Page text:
|Mechanisms of invasions: can the recipient community influence invasion rates?|
Dunstan, P.K.; Johnson, C.R. (2007). Mechanisms of invasions: can the recipient community influence invasion rates?, in: Johnson, C.G. (Ed.) Seaweed invasions: a synthesis of ecological, economic and legal imperatives. Botanica Marina, 50(5-6): pp. 361-372
In: Johnson, C.G. (Ed.) (2007). Seaweed invasions: a synthesis of ecological, economic and legal imperatives. Botanica Marina, 50(5-6). Walter De Gruyter: Berlin. ISBN 978-3-11-019534-7. 321-457  pp., more
In: Botanica Marina. Walter de Gruyter & Co: Berlin; New York. ISSN 0006-8055, more
|Also published as |
- Dunstan, P.K.; Johnson, C.R. (2007). Mechanisms of invasions: can the recipient community influence invasion rates? Bot. Mar. 50(5-6): 361-372. dx.doi.org/10.1515/BOT.2007.041, more
|Authors|| || Top |
- Dunstan, P.K.
- Johnson, C.R.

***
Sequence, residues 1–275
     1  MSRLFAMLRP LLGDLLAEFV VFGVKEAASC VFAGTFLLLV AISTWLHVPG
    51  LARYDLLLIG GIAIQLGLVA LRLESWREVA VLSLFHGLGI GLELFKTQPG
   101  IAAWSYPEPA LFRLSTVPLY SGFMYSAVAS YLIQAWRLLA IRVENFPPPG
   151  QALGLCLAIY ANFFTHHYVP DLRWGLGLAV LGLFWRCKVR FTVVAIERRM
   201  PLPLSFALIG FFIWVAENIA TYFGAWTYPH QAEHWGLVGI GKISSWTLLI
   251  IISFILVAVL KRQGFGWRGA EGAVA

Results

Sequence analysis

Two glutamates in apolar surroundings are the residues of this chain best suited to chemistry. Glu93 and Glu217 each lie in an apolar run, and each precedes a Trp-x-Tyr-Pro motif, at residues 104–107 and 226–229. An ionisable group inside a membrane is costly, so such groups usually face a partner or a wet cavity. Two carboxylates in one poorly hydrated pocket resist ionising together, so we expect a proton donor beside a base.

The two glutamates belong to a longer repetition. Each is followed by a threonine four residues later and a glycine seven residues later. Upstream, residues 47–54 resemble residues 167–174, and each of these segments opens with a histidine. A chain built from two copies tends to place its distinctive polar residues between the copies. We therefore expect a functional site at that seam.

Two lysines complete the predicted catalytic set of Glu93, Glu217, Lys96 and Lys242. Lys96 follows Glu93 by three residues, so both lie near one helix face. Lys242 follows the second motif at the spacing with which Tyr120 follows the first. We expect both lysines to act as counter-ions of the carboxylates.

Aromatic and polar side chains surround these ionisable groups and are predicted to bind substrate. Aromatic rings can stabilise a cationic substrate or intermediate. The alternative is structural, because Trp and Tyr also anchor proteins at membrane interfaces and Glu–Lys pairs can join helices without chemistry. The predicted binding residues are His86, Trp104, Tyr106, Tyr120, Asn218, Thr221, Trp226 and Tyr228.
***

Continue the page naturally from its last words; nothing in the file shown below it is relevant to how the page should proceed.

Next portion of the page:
At least since Elton's work in the 1950s it has been argued that properties of recipient communities influence invasion rates. The widespread view, initiated by Elton and later supported by both empirical and modelling studies, is that species-rich communities are more resistant to invasion than species-poor communities in otherwise identical habitats. However, the dynamics of some empirical systems do not support this idea, but reveal instead a positive relationship between species richness and invasion, reflecting the particular attributes of component species and their interactions. These findings cannot be explained solely by Shea and Chesson's (2002) attempt to reconcile divergent observations of both positive and negative relationships between invasion rates and richness of the recipient community. Here, based on the behaviours of several models, we develop an alternative view that invasion success is related positively to variability in resource availability. This variability can arise in many ways, dependent in part on the life history features of component species, the nature of interactions among species, and the spatial arrangement of individuals on a landscape. Our overall conclusion is that the ability of a community to resist the establishment of new populations comes not from species richness, diversity or the average connectivity of the system per se, but from the ability of established species to utilise the maximum amount of resources in the long term and realise the smallest amount of variability in resource availability. We argue that seaweed communities adhere to this principle. (c) 2007 by Walter de Gruyter.